- We would be the world’s only vertically integrated energy company offering end-to-end clean energy products to our customers. This would start with the car that you drive and the energy that you use to charge it, and would extend to how everything else in your home or business is powered. With your Model S, Model X, or Model 3, your solar panel system, and your Powerwall all in place, you would be able to deploy and consume energy in the most efficient and sustainable way possible, lowering your costs and minimizing your dependence on fossil fuels and the grid.
- We would be able to expand our addressable market further than either company could do separately. Because of the shared ideals of the companies and our customers, those who are interested in buying Tesla vehicles or Powerwalls are naturally interested in going solar, and the reverse is true as well. When brought together by the high foot traffic that is drawn to Tesla’s stores, everyone should benefit.
- We would be able to maximize and build on the core competencies of each company. Tesla’s experience in design, engineering, and manufacturing should help continue to advance solar panel technology, including by making solar panels add to the look of your home. Similarly, SolarCity’s wide network of sales and distribution channels and expertise in offering customer-friendly financing products would significantly benefit Tesla and its customers.
- We would be able to provide the best possible installation service for all of our clean energy products. SolarCity is the best at installing solar panel systems, and that expertise translates seamlessly to the installation of Powerwalls and charging systems for Tesla vehicles.
- Culturally, this is a great fit. Both companies are driven by a mission of sustainability, innovation, and overcoming any challenges that stand in the way of progress.
Note the appeal to enviro-vanity. “Shared ideals.” “Culture.” Vague synergies: “including by making solar panels add to the look of your home.” Are they serious? Is that the best he can come up with? “Customer-friendly financing products.” Another joke: the unviability of the Solar City financing model is exactly what put the company into its current straits. So extending this unviable financing model to autos is somehow going to do wonders for Tesla? The release mentions charging systems. A few years ago Elon promised thousands. There are currently 616 worldwide, and Elon has faded his original promise to provide free charging: Model S customers will have to pay.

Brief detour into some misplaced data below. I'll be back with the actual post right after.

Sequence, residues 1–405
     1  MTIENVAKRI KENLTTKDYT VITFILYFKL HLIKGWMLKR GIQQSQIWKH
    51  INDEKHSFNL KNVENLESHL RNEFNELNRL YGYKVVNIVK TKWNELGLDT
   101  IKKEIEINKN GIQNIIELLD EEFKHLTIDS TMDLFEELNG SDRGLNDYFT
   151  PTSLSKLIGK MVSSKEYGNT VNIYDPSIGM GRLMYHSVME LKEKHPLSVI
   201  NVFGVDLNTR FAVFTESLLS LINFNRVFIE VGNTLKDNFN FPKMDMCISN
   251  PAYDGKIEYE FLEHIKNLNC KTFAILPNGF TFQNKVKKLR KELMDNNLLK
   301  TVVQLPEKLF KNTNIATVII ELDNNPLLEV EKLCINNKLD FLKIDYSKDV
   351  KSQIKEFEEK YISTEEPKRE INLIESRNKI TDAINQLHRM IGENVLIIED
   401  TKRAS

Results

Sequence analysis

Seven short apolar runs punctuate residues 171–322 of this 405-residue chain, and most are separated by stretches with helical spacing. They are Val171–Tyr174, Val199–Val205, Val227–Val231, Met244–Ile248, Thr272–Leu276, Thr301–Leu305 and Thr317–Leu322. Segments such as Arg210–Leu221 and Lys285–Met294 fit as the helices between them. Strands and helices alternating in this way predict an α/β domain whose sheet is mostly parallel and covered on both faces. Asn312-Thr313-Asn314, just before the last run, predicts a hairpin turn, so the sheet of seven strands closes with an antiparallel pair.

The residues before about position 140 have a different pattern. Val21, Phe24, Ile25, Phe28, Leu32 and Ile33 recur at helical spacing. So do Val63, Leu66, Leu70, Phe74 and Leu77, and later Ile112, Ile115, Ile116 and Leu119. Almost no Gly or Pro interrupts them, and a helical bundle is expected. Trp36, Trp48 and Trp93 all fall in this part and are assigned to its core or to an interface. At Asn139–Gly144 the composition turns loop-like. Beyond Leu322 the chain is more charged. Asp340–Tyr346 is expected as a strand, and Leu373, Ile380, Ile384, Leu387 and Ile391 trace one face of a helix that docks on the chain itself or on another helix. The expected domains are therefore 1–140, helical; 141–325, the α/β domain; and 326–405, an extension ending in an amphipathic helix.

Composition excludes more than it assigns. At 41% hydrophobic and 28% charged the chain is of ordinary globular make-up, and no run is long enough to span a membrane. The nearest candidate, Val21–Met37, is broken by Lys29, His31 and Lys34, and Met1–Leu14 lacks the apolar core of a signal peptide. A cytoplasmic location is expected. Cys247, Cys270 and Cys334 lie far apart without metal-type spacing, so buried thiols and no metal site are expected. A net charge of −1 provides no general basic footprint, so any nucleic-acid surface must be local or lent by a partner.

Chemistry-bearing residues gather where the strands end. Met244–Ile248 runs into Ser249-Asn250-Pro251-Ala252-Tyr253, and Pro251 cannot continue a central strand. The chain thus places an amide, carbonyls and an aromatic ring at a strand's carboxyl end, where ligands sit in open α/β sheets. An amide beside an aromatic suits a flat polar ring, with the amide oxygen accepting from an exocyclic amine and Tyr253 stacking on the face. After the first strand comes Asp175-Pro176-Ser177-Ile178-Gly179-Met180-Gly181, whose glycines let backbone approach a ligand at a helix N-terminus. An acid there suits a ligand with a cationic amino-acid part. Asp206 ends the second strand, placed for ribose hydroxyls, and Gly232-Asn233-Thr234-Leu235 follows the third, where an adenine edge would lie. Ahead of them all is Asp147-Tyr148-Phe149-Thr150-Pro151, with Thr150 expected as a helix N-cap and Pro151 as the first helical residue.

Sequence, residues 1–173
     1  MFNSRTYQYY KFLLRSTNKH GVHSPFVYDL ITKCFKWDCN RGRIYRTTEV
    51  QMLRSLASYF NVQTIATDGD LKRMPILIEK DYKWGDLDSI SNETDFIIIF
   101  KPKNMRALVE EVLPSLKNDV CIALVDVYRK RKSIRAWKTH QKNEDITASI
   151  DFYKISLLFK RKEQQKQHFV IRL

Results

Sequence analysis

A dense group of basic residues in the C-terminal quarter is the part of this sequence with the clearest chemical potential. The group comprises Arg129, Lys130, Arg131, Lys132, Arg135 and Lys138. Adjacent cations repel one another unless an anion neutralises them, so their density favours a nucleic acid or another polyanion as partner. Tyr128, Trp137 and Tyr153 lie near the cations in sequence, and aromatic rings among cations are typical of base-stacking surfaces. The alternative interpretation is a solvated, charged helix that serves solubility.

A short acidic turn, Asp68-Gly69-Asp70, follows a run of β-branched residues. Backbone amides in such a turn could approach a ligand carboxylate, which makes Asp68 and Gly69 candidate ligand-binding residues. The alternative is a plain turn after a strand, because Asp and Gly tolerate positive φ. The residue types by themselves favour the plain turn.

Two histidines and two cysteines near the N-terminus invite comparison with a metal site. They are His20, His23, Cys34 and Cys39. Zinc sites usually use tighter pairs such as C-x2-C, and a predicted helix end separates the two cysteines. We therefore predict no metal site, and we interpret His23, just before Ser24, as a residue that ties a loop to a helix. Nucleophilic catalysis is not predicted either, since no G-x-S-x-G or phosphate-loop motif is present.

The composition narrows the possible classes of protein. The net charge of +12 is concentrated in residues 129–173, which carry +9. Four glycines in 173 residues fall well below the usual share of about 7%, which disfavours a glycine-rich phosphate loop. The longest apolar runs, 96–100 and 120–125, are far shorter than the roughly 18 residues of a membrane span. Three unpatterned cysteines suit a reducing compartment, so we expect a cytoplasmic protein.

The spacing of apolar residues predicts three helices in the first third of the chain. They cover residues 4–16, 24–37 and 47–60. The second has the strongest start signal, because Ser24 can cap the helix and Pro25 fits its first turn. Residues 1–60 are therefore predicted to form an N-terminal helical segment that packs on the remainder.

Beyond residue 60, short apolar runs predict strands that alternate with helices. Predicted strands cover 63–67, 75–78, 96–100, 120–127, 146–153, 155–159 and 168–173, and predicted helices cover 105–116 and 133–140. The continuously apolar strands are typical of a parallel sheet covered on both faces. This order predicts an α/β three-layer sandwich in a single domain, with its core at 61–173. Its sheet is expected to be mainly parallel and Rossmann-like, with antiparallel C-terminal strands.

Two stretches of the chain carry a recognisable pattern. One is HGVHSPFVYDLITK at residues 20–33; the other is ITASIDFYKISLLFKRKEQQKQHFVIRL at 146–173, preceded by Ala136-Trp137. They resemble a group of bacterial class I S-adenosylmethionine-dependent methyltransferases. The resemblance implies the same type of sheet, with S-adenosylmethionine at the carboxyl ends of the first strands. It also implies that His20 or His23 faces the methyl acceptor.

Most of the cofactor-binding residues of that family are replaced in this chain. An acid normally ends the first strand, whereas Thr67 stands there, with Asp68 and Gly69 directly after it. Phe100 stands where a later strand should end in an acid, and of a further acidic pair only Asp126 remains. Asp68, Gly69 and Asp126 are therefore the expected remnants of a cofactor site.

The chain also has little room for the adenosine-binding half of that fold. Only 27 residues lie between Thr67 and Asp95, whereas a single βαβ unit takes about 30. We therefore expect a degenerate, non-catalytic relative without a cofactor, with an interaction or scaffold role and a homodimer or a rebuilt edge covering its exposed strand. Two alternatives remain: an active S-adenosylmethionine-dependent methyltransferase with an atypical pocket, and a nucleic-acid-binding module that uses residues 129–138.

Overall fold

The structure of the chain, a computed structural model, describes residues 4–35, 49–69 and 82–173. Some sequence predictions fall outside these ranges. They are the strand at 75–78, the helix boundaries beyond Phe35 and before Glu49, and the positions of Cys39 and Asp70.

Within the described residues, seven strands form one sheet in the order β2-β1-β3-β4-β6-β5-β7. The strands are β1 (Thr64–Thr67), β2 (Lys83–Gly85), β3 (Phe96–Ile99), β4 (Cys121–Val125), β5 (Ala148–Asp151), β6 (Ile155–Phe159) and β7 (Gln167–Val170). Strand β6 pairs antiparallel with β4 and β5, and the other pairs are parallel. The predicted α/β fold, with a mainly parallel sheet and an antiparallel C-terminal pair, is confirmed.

Further, there’s no explanation of how marrying one cash bleeder to another cash bleeder is going to address either company’s fundamental problem . . . which is that they are cash bleeders. Buying Solar City exacerbates the Tesla cash bleeding problem, rather than ameliorating it: the mating of hemophiliacs is unlikely to turn out well.
Indeed, Tesla bleeds cash like a Game of Thrones battle scene. Hence the need to rush out the Model S (and collect deposits) while huge questions about production remain. Hence the repeated returns to the equity markets to issue new stock.
Which will now be harder, because paying for Solar City in stock–and hence diluting existing shareholders substantially–mere weeks after a big equity offering will make investors to whom Musk will have to sell stock in the future to meet his voracious needs for money think twice: will he take their money then dilute them again a few weeks or months later?
This move looks very short sighted, and it almost certainly is. But Musk is doing it because he needs to address very pressing immediate concerns, and he’ll worry about the future ramifications when the future comes.
Musk has made a living off of suckers. Suckers in government (including most notably the federal government, and the states of Nevada and California) who have lavished huge subsidies based the dubious environmental benefits of electric vehicles. Suckers enamored with the technology and performance of Tesla vehicles–despite the questions surrounding Tesla’s ability to produce those vehicles.
To keep the suckers coming, Musk has to perpetuate his image as the Great and Powerful Oz. A major fail–like the bankruptcy of Solar City–threatens to pull back the curtain and demolish that image. Musk needs to prevent that from happening. He needs to buy time, and to buy time, he is having Tesla buy Solar City.
Desperate times call for desperate measures. The proposed purchase of Solar City reeks of desperation, because it facially makes no business sense, and is explicable only as a way to keep a con alive.